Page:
As a lover of fine wines, there’s perhaps only one thing better than lobbying for commanding vintage wine that you know is going to cost a small fortune: finding a product just about like that in quality, for about one third the price. Such is the fine work of the subculture of sommeliers across America.
By understanding the famous appellations or regions in every country, you can began to negotiate through many fine dining wine lists according to price and year. However, a favorite technique to apply is finding that appealing friend next door – a wine that has most all of the body and strength of its grand cru neighbor, that few people ever hear of outside their country. Usually, but not always, trying this strategy at your next big fundraising charity, celebrity banquet, or client prospect dinner will treat you right – both in taste and on your final invoice.
For example, it pays to know about the neighbors to the legendary Corton Charlemagne plots in Burgundy, France. Are these chardonnays that command between two and three Ben Franklins really worth it? To a sommelier or serious collector, a Bonneau du Martray Corton Charlemagne is worth every penny, and you should buy all you can in this short supply.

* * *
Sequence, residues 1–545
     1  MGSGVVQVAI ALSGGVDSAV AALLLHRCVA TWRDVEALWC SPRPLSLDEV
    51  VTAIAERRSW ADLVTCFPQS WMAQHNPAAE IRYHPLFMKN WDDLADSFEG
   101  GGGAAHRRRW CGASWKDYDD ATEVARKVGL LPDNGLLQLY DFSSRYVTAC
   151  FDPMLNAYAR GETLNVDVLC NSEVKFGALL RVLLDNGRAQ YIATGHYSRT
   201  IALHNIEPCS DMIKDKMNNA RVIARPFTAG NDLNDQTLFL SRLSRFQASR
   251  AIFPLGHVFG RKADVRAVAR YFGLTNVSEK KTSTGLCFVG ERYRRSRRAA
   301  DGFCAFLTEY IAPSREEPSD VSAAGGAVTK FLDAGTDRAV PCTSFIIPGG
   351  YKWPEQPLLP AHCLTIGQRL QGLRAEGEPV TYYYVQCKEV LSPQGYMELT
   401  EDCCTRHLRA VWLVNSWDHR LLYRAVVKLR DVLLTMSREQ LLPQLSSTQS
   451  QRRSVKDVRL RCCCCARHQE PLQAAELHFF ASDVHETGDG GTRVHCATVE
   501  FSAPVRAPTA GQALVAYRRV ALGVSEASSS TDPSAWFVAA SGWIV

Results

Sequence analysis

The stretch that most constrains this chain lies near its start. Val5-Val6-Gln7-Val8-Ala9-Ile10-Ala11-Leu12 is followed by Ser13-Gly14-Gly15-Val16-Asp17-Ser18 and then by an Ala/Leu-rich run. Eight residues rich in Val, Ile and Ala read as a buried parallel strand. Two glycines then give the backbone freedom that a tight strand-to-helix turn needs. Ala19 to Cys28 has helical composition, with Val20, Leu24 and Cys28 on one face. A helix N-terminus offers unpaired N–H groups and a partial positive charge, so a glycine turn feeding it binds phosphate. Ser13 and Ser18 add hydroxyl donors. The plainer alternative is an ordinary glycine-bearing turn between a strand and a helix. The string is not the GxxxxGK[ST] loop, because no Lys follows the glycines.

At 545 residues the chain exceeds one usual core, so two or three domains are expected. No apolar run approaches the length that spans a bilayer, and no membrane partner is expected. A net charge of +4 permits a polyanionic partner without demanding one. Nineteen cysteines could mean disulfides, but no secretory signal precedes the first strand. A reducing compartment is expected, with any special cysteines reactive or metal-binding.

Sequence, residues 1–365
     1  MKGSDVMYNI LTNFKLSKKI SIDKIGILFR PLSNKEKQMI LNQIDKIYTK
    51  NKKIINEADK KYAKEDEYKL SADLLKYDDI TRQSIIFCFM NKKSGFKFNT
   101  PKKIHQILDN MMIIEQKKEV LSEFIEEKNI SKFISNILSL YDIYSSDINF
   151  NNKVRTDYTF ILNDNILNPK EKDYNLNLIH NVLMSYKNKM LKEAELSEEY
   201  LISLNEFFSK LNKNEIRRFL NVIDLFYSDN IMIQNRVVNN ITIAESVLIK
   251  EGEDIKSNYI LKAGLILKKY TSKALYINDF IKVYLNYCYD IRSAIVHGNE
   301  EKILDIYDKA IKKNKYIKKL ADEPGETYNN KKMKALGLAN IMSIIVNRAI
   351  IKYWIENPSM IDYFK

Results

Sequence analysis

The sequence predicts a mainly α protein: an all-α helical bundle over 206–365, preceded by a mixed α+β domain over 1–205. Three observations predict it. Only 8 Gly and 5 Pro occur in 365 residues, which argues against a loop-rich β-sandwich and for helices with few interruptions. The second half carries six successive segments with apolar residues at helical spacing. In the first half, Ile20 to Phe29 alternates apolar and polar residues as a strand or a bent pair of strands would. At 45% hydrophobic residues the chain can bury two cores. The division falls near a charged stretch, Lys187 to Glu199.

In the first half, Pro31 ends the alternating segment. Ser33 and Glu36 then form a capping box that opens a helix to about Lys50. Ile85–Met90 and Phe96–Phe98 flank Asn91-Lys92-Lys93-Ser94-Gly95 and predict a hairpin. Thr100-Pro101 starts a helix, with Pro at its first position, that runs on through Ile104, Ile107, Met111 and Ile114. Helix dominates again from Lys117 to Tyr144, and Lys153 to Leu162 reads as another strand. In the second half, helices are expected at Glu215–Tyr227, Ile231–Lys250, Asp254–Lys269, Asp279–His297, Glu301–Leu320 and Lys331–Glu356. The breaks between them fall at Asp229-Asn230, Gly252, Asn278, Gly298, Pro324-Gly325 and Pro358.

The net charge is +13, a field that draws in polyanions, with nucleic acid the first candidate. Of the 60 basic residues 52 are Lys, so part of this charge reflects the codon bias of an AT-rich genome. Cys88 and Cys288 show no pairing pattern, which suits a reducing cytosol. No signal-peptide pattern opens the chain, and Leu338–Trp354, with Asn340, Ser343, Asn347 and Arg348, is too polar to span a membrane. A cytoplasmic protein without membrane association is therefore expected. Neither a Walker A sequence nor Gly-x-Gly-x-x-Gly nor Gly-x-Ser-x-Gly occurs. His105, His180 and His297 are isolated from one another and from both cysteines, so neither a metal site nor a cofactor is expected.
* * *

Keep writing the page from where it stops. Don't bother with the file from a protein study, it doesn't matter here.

However, literally around the hillside, just down the road, lies the lesser-known city of Pernand Vergelesses. With a region so small, yet so similar to Corton, how can you go wrong by trying something like a group of us tried at the Coral Gables Biltmore hotel? For a fraction of the Corton price, we’re enjoying fine, complex, long-finish chardonnay from Vallet Freres — less than one mile away from some of the largest Corton names in France.
It pays to know a little more about the micro-climate and geography of your wine, for sure.
But how can others with less training or firsthand knowledge of these regions apply this strategy? Quite simply, you must be willing to ask for a sommelier early in your dining experience. Too often, your first server is not any more capable than you in making this kind of selection. Occasionally, you will meet someone who is so excited to share something that he or she is bound to introduce you to it. If that doesn’t happen, no worries. Ask and wait for someone who is in charge of maintaining the wine list, usually a sommelier (but not always).
During one visit in Chicago, I deviated off my usual Cabernet path under the passion of a local wine merchant at his steakhouse. I found a grand cru blend that drinks like a Mouton-Rothschild, for one fifth of the price. Since that time, with more tasting experience, I have traveled to France just to visit this estate. Don’t give up the great wine next door. But first, you must ask about it.